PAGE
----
The Firm, Profit, and the Costs of Production Rapid Review for AP Economics

By — McGraw-Hill Professional
Updated on Mar 2, 2011

More in-depth study guides for these concepts can be found at:

The firm: an organization that employs factors of production to produce a good or service that it hopes to profitably sell.

Accounting profit: the difference between total revenue and total explicit costs.

Economic profit: the difference between total revenue and total explicit and implicit costs.

Explicit costs: direct, purchased, out-of-pocket costs paid to resource suppliers outside the firm. Also referred to as accounting costs.

Implicit costs: Indirect, non-purchased, or opportunity costs of resources provided by the entrepreneur. Also called economic costs.

Short Run: a period of time too short to change the size of the plant, but many other, more variable resources can be adjusted to meet demand.

Long Run: a period of time long enough to alter the plant size. New firms can enter the industry and existing firms can liquidate and exit.

Production function: the mechanism for combining production resources, with existing technology, into finished goods and services. Inputs are turned into outputs.

Fixed inputs: production inputs that cannot be changed in the short run. Usually this is the plant size or capital.

Variable inputs: production inputs that the firm can adjust in the short run to meet changes in demand for their output. Often this is labor and/or raw materials.

Total Product of Labor (TPL ): the total quantity, or total output of a good produced at each quantity of labor employed.

Marginal Product of Labor (MPL): the change in total product resulting from a change in the labor input. MPL = ΔTPL/ΔL, or the slope of total product.

Average Product of Labor (APL ): total product divided by labor employed. APL = TPL/L.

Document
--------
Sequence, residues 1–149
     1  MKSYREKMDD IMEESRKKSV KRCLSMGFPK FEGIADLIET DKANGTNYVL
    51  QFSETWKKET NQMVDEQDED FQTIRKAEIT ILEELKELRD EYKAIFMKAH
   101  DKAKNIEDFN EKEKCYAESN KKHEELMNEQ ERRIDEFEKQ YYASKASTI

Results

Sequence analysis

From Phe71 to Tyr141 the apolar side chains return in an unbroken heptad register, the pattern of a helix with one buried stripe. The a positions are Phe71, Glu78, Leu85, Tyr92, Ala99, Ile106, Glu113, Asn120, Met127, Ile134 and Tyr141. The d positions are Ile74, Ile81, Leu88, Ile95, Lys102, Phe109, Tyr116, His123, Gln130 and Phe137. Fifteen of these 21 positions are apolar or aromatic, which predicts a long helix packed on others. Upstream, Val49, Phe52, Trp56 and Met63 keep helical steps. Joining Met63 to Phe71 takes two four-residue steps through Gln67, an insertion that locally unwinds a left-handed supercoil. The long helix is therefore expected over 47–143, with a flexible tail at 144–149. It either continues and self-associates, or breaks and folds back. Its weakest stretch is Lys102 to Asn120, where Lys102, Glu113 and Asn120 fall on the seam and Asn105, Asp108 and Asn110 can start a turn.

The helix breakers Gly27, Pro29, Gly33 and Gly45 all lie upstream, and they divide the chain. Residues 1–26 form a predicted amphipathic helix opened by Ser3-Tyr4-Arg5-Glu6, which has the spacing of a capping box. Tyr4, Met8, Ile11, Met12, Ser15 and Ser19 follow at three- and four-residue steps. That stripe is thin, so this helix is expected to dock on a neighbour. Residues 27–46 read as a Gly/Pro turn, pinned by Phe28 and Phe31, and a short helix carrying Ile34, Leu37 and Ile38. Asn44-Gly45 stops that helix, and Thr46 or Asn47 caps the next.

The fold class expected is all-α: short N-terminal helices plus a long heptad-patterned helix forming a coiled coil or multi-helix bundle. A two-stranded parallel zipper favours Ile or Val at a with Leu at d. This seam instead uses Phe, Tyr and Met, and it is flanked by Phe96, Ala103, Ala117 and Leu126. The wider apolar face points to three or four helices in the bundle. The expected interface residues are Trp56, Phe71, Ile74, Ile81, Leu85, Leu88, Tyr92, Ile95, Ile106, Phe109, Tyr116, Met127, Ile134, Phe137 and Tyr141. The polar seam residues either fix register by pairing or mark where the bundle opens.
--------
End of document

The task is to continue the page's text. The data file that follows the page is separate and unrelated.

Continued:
Law of Diminishing Marginal Returns: as successive units of a variable resource are added to a fixed resource, beyond some point the marginal product declines.

Total Fixed Costs (TFC ): costs that do not vary with changes in short-run output. They must be paid even when output is zero.

Total Variable Costs (TVC): costs that change with the level of output. If output is zero, so are total variable costs.

Total Cost (TC): the sum of total fixed and total variable costs at each level of output. TC = TVC + TFC.

Marginal Cost (MC ): the additional cost of producing one more unit of output. MC = ΔTC/ΔQ = ΔTVC/ΔQ or the slope of total cost and total variable cost.

Average Fixed Cost (AFC): total fixed cost divided by output. AFC = TFC/Q.

Average Variable Cost (AVC): total variable cost divided by output. AVC = TVC/Q.

Average Total Cost (ATC): total cost divided by output. ATC = TC/Q = AFC + AVC.

Relationship between MPL and MC: if labor is the variable input being paid a fixed wage (w), MC and MPL are inverses of each other. MC = w/(ΔQ/ΔL) = w/MPL.

Relationship between APL and AVC: in the simplified case where labor is the variable input being paid a fixed wage (w), AVC and APL are inverses of each other. AVC = w/(Q/L) = w/APL

Economies of scale: the downward part of the LRAC curve where LRAC falls as plant size increases. This is the result of specialization, lower cost of inputs, or other efficiencies from larger scale.

Constant returns to scale: occurs when LRAC is constant over a variety of plant sizes.

Diseconomies of scale: the upward part of the LRAC curve where LRAC rises as plant size increases. This is usually the result of the increased difficulty of managing larger firms, which results in lost efficiency and rising per unit costs.

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